I had a conundrum on my way to a networking meeting this morning. The contact I was meeting is a potential client for a large engineering firm. My hope is to get hired to do some consulting work for this firm, so I want to look professional and impressive. Yet, I want to convey that I have a lot of credibility – that I can roll up my sleeves and get things done.
As far as I can tell there are two distinct schools of thought when it comes to professional dress. I believe there are good uses for both, and I was caught between the two of them this morning.
1) Gear #1: Blend and assimilate.
What it looks like: This gear looks like someone who wants to most accurately mimic the norms of the given company, industry that you are looking to enter. Your aim is to create a look that absolutely minimizes the splash or impression you will make.
What you’re trying to do: Your aim is to camoflage and fit in, get a chance to make your name. Your unspoken message is that ‘I understand and respect the norms of this territory. I am humble and eager. I am willing to learn.’
What it looks like: Amongst women, this might mean wearing black or navy, wearing a tailored or boxy suit, keeping makeup minimal. In engineering or other male-dominated industries this might mean wearing khakis, workshirts or other styles meant to make you blend into a typically masculine way of dressing. In men it probably means a suit in conversative colours. The common thread for all genders is that you don’t want to take any chances. You just want to check the boxes and move to the next phase.
When it’s good: When you’re in the very first stages of a job interview process and just looking to get by the various gatekeepers of the process (i.e. HR folks who are not assessing you on your technical skills but on your ability present yourself). When you’re working in a very traditional environment, when you’re applying to your very first job and haven’t got a lot of credentials to fall back upon.
2) Gear #2: Differentiate and work it.
What it looks like: This gear looks like someone who is doing what they please. You want to express yourself, demonstrate your identity. The beauty of this style is that it can look so many different ways: bright colours, eye-catching styles, stunning eye-wear.
What you’re trying to do: Your aim is to maximize your creative expression of yourself in a way that says ‘hey world, here I am!’. Your aim is to most fully express yourself and make yourself happy and comfortable.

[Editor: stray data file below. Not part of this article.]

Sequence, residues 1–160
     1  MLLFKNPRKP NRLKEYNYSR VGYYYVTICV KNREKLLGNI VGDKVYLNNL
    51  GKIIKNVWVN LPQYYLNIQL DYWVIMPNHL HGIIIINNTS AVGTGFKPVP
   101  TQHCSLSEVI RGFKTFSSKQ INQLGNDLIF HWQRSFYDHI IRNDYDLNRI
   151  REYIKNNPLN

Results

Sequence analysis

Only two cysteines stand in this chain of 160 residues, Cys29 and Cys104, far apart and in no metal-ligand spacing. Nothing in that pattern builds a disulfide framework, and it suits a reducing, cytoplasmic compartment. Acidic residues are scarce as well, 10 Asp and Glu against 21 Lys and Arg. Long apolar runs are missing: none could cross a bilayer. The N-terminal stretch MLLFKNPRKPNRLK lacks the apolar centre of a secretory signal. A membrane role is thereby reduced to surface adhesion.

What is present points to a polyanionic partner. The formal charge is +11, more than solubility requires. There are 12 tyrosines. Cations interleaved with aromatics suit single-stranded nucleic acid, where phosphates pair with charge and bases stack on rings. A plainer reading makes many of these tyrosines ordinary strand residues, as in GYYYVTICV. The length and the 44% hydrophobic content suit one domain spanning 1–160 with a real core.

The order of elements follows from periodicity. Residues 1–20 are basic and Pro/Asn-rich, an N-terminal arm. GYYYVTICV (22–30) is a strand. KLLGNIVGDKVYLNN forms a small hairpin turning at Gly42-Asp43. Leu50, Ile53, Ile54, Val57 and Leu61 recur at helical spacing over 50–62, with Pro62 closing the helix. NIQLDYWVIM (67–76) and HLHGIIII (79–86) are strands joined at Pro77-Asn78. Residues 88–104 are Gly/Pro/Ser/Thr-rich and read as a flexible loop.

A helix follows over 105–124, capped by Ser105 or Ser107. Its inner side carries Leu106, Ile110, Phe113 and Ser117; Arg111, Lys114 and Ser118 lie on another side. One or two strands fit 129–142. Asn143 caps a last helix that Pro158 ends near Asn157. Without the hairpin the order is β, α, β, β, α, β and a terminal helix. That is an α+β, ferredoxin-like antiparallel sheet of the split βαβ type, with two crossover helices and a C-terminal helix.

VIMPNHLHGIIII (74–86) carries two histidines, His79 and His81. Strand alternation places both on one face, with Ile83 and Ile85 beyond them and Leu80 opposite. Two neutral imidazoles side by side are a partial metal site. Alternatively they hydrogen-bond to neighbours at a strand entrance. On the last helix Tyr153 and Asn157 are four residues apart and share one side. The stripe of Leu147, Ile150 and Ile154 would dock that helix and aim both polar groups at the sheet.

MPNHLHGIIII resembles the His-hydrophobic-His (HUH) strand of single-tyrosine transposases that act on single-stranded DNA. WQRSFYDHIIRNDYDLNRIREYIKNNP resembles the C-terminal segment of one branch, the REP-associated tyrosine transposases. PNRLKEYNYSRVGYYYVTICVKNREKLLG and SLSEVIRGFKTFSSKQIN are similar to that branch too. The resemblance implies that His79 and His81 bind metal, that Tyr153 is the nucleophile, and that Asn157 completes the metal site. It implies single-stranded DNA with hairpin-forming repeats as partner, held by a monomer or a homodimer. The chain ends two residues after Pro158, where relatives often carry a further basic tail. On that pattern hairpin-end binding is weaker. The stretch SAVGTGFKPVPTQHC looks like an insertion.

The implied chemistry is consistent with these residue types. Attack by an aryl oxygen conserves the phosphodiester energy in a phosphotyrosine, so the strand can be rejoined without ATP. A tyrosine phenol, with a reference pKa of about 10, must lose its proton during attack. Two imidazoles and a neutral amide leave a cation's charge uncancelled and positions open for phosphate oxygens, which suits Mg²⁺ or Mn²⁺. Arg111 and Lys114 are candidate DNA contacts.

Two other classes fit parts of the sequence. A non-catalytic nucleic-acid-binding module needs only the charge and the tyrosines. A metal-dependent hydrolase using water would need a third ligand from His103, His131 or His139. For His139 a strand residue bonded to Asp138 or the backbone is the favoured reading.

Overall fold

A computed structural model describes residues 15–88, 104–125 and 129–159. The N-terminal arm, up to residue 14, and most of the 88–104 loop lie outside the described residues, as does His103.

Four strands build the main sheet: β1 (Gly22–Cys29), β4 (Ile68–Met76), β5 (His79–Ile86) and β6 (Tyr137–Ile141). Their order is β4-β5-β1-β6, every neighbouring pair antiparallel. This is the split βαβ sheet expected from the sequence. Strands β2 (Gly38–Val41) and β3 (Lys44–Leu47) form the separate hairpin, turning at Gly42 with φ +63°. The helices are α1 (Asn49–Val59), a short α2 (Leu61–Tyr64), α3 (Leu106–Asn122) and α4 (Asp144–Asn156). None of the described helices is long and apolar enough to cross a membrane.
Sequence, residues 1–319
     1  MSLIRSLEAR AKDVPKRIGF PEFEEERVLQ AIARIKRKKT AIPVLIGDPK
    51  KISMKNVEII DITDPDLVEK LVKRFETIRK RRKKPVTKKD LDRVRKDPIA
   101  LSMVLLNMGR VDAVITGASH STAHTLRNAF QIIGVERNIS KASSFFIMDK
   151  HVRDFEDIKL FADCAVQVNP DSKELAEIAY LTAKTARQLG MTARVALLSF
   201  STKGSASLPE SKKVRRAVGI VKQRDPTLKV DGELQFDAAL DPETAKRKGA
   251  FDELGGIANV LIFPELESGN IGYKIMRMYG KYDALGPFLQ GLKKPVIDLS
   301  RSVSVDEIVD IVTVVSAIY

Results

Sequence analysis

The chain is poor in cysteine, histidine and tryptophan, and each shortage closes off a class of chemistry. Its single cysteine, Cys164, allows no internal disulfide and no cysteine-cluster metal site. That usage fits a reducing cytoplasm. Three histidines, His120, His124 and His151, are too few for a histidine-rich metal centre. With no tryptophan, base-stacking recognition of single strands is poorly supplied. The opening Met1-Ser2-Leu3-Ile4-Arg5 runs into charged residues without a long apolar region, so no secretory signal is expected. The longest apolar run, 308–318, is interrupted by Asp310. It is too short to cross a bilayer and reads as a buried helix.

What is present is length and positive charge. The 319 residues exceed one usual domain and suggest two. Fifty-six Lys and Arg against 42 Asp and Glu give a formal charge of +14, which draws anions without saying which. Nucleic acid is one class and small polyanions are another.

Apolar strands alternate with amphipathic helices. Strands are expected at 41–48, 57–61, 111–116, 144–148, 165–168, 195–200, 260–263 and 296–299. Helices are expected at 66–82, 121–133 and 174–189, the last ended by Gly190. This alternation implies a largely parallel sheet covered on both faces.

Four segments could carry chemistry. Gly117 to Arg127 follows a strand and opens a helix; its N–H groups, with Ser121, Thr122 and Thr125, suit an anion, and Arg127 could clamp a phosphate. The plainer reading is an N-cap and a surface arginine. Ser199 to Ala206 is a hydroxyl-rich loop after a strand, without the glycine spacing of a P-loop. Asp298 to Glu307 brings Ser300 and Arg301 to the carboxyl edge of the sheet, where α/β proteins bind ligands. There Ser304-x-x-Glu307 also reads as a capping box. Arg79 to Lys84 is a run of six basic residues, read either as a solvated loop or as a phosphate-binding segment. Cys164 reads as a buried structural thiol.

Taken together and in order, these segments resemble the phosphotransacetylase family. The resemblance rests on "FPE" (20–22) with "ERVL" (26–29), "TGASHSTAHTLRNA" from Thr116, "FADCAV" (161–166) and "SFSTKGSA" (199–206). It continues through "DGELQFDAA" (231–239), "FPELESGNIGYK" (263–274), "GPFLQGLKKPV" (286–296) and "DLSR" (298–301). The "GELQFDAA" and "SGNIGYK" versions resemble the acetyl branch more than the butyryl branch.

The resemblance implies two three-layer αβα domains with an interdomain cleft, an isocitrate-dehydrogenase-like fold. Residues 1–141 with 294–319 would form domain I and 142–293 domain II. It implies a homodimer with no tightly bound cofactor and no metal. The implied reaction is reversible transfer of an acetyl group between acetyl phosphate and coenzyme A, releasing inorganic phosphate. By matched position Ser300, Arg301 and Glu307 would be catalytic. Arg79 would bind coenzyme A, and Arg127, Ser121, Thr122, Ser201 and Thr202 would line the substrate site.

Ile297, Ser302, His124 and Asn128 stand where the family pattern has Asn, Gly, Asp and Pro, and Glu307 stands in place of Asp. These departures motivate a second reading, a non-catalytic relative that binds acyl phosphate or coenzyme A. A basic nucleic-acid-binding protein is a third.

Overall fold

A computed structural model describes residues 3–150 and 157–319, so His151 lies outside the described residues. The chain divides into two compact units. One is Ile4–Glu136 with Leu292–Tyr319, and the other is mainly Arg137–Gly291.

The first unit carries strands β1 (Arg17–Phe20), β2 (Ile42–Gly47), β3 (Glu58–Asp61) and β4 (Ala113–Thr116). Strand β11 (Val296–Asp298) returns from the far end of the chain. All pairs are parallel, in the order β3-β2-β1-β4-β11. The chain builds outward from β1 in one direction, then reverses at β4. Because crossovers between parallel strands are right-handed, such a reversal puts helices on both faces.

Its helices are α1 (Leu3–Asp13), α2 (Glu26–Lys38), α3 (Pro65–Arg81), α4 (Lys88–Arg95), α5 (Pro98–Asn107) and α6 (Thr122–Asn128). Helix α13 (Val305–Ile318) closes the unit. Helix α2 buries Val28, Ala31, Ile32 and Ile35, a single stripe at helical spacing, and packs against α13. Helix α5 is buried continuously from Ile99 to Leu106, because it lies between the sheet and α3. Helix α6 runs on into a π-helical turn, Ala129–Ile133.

What it looks like: Amongst women, this could be floral prints, more jewelry, maybe a nice manicure to make it pop. It could mean dressing in a figure-flattering way, accessorizing with scarves or adornments, or great flashy or high-heeled shoes. For those of us that grew up on the shop floor this was never an option; below the ankles was all about steel-toed shoes, so you’re clomping more than strutting. Also, you may to be picking things up and getting dirty. A friend of mine once laughed at me for wearing my girl guide uniform pants to work, but you have to admit that there’s some logic in wearing decade-old pants in a grubby environment. (I was NOT working it back then – but that’s a whole other story).
When men want to work it, they can add a pop of colour or some statement eye-wear. I always admire a man who goes out of his way to add a little fashion sense to his look, without any fear of compromising his masculinity.
When it’s good: When you want to be remembered. When you know who you’re meeting and what they are looking for, and you can express it through your appearance. For example, a pop of colour can say – hey, I am creative and innovative. A statement button that helps you show common values with your audience. I wear my Rotary pin when I know I’ll be interacting with others that will enjoy the ‘Service above Self’ message. When you work in an environment where you can energize others through making a bit of a statement (which is probably every workplace!). Of course you need to accommodate all safety regulations.
Most ‘what to wear’ for engineers will tell you that Gear #1 is the only one you’ll ever need. You’ll need to recognize when being different is going to hurt your credibility or otherwise cause trouble for you. But I would encourage you to weigh the cost of not being yourself in the long term. Gear #1 to get the job, Gear #2 to keep it.
It’s a fine balance. What do you think? What approach are you taking in picking your engineering wardrobe? Good luck!Read More